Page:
8. Writing strategies and writers' tools. Chandler. Daniel. Daniel Chandler. 1993. English Today: the International Review of the English Language. 9. 2. 32–8.
  9. Who needs suspended inscription?. Chandler. Daniel. Daniel Chandler. 1994. Computers and Composition. 11. 3. 191–201. 10.1016/8755-4615(94)90012-4.
  10. Book: Chandler, Daniel. Daniel Chandler

    . The Act of Writing: A Media Theory Approach. Daniel Chandler. 1995. Aberystwyth. Prifysgol Cymru.

  11. Book: Rudgley, Richard. Richard Rudgley

    . The Lost Civilizations of the Stone Age. Richard Rudgley. 2000. 48–57. Simon & Schuster. New York.

  12. The Origin and Development of the Cuneiform System of Writing, Samuel Noah Kramer, Thirty Nine Firsts In Recorded History pp 381–383
  13. Beginning date refers to first attestations, the assumed origins of all scripts lie further back in the past.
  14. Book: Boltz, William. The Cambridge History of Ancient China. Michael. Loewe. Edward L.. Shaughnessy. Cambridge. Cambridge University Press. 1999. 978-0-521-47030-8. Language and Writing. 74–123.
  15. News: Archaeologists Rewrite History. China Daily. 12 June 2003. 4 January 2012.
  16. News: 'Earliest writing' found in China.. Signs carved into 8,600-year-old tortoise shells found in China may be the earliest written words, say archaeologists.. BBC News. 17 April 2003. 4 January 2012.
  17. Goldwasser, Orly. "How the Alphabet Was Born from Hieroglyphs", Biblical Archaeology Review, Mar/Apr 2010
  18. Whitehouse, David (1999) 'Earliest writing' found BBC
  19. (Lal 1966)
  20. (Wells 1999)
  21. (Bryant 2000)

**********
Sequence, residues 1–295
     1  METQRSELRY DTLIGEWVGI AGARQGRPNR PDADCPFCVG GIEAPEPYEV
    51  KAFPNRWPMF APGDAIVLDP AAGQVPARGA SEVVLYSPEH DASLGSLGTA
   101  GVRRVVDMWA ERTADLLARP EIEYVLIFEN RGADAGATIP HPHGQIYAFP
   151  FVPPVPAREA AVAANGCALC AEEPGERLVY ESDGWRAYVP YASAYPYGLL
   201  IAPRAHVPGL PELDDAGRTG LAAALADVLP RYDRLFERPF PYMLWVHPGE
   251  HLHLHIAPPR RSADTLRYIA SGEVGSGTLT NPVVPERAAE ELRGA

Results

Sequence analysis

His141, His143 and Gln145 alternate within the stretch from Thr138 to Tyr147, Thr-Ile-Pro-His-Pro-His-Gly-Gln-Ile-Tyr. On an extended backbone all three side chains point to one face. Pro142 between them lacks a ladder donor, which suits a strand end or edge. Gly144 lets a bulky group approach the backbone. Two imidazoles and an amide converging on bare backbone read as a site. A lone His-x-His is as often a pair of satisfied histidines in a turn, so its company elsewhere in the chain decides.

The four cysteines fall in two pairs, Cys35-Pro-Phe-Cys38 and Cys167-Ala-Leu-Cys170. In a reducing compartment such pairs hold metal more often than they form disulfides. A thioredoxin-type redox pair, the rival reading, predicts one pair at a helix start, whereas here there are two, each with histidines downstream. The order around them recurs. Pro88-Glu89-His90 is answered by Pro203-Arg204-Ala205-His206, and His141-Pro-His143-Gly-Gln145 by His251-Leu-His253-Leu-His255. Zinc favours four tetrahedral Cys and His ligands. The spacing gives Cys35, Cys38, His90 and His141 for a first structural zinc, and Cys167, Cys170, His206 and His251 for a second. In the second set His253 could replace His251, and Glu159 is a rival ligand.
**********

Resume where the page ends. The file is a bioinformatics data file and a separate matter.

22. News: Ancient writing found in Turkmenistan.. A previously unknown civilisation was using writing in Central Asia 4,000 years ago, hundreds of years before Chinese writing developed, archaeologists have discovered. An excavation near Ashgabat, the capital of Turkmenistan, revealed an inscription on a piece of stone that seems to have been used as a stamp seal.. BBC. 2008-03-30. 2001-05-15.
  23. News: Writing May Be Oldest in Western Hemisphere.. A stone slab bearing 3,000-year-old writing previously unknown to scholars has been found in the Mexican state of Veracruz, and archaeologists say it is an example of the oldest script ever discovered in the Western Hemisphere.. New York Times. 2008-03-30. 2006-09-15.
  24. News: 'Oldest' New World writing found. Ancient civilisations in Mexico developed a writing system as early as 900 BC, new evidence suggests.. BBC. 2008-03-30. 2006-09-14.
  25. News: Oldest Writing in the New World. A block with a hitherto unknown system of writing has been found in the Olmec heartland of Veracruz, Mexico. Stylistic and other dating of the block places it in the early first millennium before the common era, the oldest writing in the New World, with features that firmly assign this pivotal development to the Olmec civilization of Mesoamerica.. Science. 2008-03-30.